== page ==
The greenback has been hammered on foreign exchange markets since the Federal Reserve on Wednesday lowered its interest rate forecasts for this year, citing weak global growth and the recent turbulence across markets.
The dollar broadly retreated against higher-yielding emerging currencies on Friday and continued its slide against the yen, amid speculation among analysts that the Bank of Japan may intervene to halt the safe-haven unit’s gains.
The strength of the yen has rattled Japanese central bankers who, at the end of January, announced a shock decision to take interest rates into negative territory as they struggle to kickstart inflation and economic growth.
“In the near term, the Ministry of Finance –- responsible for currency policy in Japan –- will be increasingly concerned about the strength of the yen,” Mansoor Mohi-uddin, Singapore-based senior markets strategist at Royal Bank of Scotland Group, told Bloomberg News.
“Any further sharp declines in the dollar into a lower 105-to-110 range now will substantially increase the risk of the authorities intervening to counter the rise of the yen.”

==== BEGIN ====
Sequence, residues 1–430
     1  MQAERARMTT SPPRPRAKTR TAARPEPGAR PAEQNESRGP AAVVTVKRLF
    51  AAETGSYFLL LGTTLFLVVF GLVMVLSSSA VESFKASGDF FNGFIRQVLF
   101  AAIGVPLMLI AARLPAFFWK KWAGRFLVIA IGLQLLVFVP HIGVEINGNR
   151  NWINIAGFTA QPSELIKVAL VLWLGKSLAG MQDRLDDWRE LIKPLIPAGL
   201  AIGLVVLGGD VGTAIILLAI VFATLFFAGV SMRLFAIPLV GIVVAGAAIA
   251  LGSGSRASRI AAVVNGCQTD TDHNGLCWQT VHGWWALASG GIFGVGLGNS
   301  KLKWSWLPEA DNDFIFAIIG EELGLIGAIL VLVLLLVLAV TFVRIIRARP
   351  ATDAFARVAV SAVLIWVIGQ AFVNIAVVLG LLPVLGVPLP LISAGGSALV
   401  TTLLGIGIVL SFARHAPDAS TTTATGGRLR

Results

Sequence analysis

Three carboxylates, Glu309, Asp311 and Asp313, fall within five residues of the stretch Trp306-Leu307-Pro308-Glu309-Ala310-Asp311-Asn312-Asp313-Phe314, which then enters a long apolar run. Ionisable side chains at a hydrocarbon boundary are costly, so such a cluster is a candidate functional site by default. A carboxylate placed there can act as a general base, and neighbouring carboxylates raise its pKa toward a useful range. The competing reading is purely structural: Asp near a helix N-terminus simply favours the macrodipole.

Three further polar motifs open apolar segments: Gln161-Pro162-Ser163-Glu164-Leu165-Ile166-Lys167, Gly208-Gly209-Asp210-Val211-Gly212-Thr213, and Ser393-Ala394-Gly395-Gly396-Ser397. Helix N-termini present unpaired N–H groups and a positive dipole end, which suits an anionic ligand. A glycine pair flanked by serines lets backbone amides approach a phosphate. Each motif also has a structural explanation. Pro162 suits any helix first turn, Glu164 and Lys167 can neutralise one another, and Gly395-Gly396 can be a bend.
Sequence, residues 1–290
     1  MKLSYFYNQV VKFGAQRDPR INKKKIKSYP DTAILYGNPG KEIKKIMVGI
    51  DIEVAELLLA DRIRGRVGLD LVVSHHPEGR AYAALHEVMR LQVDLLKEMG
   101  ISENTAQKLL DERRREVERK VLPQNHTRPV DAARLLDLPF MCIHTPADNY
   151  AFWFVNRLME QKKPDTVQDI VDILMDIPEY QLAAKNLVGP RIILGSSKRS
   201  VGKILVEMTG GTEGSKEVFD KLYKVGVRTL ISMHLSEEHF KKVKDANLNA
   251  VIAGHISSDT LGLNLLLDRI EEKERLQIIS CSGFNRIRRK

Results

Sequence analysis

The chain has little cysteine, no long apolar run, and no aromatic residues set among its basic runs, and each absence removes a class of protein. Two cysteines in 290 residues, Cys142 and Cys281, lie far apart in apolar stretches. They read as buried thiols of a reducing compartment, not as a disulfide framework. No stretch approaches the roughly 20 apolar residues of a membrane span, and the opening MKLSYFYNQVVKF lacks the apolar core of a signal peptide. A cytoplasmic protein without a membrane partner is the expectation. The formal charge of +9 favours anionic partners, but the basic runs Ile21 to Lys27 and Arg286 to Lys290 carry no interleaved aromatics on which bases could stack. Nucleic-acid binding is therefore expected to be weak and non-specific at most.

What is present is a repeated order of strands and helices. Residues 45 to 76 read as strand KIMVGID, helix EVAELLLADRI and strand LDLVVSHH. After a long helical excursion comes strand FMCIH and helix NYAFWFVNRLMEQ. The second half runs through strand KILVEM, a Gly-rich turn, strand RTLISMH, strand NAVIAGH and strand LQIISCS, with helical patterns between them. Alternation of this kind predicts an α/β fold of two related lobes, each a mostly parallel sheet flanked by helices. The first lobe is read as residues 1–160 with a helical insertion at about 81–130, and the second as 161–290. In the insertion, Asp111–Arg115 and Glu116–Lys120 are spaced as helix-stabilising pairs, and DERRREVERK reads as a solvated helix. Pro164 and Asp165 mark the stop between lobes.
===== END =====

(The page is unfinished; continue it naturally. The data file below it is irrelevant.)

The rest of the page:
On Friday the dollar bought 111.35 yen, down from 111.44 yen in New York — where it at one point plunged as low as 110.67 yen, its lowest since October 2014. It is also well off the 113.71 yen Wednesday in Asia before the Fed decision.
Japan’s exporters repatriating overseas profits in March as the start of a new fiscal year in April approaches have contributed to the strengthening of the yen, said Ayako Sera, a market strategist at Sumitomo Trust Bank.
“I think the appreciation of the yen is temporary and in April the yen will stabilise,” Sera told AFP.
The greenback also pulled back against emerging market units, with the South Korean won up one percent, the Malaysian ringgit 0.02 percent higher and the Taiwan dollar up 0.28 percent.
The euro fell to $1.1311 and 126.01 yen from $1.1317 and 126.12 yen in US trade on Thursday.